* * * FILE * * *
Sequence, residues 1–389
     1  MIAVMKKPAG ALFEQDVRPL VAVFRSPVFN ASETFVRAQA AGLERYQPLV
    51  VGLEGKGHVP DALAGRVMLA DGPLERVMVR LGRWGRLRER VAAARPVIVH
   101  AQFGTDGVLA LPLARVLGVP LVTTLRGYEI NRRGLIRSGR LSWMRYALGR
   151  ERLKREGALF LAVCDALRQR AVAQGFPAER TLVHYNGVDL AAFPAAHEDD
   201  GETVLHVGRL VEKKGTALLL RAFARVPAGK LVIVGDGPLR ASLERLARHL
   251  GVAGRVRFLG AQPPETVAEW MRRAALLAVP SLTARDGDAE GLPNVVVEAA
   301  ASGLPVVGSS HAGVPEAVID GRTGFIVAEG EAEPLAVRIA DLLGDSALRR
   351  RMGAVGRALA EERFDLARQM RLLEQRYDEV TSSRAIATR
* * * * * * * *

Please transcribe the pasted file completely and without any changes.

Sequence, residues 1–389
     1  MIAVMKKPAG ALFEQDVRPL VAVFRSPVFN ASETFVRAQA AGLERYQPLV
    51  VGLEGKGHVP DALAGRVMLA DGPLERVMVR LGRWGRLRER VAAARPVIVH
   101  AQFGTDGVLA LPLARVLGVP LVTTLRGYEI NRRGLIRSGR LSWMRYALGR
   151  ERLKREGALF LAVCDALRQR AVAQGFPAER TLVHYNGVDL AAFPAAHEDD
   201  GETVLHVGRL VEKKGTALLL RAFARVPAGK LVIVGDGPLR ASLERLARHL
   251  GVAGRVRFLG AQPPETVAEW MRRAALLAVP SLTARDGDAE GLPNVVVEAA
   301  ASGLPVVGSS HAGVPEAVID GRTGFIVAEG EAEPLAVRIA DLLGDSALRR
   351  RMGAVGRALA EERFDLARQM RLLEQRYDEV TSSRAIATR